The Abduction from the Seraglio Overture
Wolfgang Amadeus Mozart
Length: c. 6 minutes
Orchestration: flute (= piccolo), 2 oboes, 2 clarinets, 2 bassoons, 2 horns, 2 trumpets, timpani, percussion (bass drum, cymbals, triangle), and strings
First performance by the Los Angeles Philharmonic: December 1, 1932, Artur Rodzinski conducting
The Abduction from the Seraglio is a rescue opera in which the heroics of the rescuers are thwarted by the magnanimity of the chief villain. If the edge was thus taken off the dénouement of one of 18th-century Europe’s favorite play and opera subjects — the deliverance of Christians, particularly Christian women, from Turkish captivity, especially in Turkish harems — audiences still took Seraglio to their collective heart when the work was first performed in Vienna in 1782.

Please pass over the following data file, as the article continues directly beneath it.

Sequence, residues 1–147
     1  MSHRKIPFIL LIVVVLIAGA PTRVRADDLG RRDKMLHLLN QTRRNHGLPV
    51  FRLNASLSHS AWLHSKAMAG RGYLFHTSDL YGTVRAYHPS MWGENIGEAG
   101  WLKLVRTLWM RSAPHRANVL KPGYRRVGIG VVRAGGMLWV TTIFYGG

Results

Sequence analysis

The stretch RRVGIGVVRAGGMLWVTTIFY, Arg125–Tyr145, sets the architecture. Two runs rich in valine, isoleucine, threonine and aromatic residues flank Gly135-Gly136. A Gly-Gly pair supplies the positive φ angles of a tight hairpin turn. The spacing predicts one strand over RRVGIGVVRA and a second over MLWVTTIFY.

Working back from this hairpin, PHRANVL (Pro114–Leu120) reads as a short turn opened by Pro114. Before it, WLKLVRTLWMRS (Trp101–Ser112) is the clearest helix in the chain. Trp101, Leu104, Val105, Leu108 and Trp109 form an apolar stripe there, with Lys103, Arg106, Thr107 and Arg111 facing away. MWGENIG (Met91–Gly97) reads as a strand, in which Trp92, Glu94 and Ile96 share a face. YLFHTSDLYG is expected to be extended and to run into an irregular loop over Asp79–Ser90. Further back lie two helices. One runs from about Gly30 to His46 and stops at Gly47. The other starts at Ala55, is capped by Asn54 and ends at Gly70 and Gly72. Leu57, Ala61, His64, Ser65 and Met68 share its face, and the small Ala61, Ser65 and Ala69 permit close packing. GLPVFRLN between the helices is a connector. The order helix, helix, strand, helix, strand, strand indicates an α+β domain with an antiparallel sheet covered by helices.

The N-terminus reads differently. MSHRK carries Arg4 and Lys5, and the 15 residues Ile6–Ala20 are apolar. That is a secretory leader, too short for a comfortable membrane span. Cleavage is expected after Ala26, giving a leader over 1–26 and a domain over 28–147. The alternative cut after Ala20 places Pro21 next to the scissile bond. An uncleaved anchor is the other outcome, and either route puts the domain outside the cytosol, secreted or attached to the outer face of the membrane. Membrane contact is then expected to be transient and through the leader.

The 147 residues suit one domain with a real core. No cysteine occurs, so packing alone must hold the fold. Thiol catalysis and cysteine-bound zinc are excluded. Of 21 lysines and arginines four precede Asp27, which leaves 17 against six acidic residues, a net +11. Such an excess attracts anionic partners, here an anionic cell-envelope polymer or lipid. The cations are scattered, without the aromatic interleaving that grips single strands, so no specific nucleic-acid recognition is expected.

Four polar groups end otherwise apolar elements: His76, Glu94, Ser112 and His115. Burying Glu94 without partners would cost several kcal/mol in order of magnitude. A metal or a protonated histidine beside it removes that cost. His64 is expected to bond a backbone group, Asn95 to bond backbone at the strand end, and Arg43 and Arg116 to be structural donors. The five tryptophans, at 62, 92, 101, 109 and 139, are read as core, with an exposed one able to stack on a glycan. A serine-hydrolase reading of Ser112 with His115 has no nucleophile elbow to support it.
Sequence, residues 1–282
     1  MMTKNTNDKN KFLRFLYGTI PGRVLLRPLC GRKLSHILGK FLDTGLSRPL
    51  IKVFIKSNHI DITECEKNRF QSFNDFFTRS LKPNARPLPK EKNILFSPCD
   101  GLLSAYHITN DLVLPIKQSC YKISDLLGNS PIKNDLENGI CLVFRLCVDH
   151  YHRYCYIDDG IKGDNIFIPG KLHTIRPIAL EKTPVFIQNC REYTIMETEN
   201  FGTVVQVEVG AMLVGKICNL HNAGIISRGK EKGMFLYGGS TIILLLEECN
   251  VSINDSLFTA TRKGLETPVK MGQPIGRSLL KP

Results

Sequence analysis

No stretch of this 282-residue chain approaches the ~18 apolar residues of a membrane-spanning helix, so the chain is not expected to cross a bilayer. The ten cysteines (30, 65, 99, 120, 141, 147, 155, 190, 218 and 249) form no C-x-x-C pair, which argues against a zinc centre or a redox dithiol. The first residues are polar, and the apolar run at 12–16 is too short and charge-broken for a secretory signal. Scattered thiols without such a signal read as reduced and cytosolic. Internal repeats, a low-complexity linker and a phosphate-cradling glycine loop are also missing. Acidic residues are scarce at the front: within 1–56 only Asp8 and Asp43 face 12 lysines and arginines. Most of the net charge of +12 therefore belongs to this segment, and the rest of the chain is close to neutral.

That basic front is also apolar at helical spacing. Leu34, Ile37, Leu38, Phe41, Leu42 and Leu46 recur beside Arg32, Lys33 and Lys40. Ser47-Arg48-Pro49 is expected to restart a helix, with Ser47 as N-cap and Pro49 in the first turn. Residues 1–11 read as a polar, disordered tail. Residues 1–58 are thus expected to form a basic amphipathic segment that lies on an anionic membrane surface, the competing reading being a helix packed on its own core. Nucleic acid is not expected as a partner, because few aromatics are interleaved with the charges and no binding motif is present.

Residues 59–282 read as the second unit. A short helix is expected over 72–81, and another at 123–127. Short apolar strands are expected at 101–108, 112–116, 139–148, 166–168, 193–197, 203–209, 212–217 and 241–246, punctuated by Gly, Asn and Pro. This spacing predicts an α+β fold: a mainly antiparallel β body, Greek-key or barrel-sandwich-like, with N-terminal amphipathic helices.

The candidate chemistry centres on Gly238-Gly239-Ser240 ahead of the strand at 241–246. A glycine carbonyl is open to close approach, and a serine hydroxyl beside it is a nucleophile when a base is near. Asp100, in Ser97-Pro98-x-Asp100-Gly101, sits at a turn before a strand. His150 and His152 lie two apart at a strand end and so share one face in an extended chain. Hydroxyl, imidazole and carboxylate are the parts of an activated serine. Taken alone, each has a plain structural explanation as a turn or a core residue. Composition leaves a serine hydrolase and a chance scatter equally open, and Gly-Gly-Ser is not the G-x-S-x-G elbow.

Mozart badly needed the success, for he had turned his hand to the task of writing the opera at a crucial time in his life. In the years 1781 and 1782 he was severing two important relationships — one with his repressive employer, the Archbishop of Salzburg, whom he loathed, the other with his dominating father Leopold, whom he loved unequivocally — and instituting another with his marriage to Constanze (coincidentally the name of Seraglio’s heroine) Weber.
Mozart’s imperturbable creativity barely faltered in the midst of these emotional involvements. He produced a work that, though not without faults, has some delicious and splendid music, and further, proved to be an important springboard for the operas yet to come.
With its quasi-exotic orchestration (piccolo, triangle, big drum, and cymbals are added to the standard combination), the Overture is in the old Italian style, notwithstanding that Mozart wrote Seraglio for the anti-Italian, German form of musical theater, the Singspiel. There is a busy main section that, after a decided close, is followed by a slow episode in minor. A return to the initial material rounds off this eminently pleasant, jolly but unremarkable bit of Mozart fluff.
— Orrin Howard